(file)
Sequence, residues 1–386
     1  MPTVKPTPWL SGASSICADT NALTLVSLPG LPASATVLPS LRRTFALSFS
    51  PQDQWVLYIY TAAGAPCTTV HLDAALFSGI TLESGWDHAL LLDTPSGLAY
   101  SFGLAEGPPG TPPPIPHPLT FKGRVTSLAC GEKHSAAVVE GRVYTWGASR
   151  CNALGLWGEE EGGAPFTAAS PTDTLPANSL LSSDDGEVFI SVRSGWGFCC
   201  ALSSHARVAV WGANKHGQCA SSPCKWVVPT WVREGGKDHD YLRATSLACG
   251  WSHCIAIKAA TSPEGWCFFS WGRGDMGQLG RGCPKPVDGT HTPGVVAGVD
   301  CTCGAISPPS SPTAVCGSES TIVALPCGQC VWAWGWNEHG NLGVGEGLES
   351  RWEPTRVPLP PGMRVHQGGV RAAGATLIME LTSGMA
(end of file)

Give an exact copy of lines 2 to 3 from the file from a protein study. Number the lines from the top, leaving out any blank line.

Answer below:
     1  MPTVKPTPWL SGASSICADT NALTLVSLPG LPASATVLPS LRRTFALSFS
    51  PQDQWVLYIY TAAGAPCTTV HLDAALFSGI TLESGWDHAL LLDTPSGLAY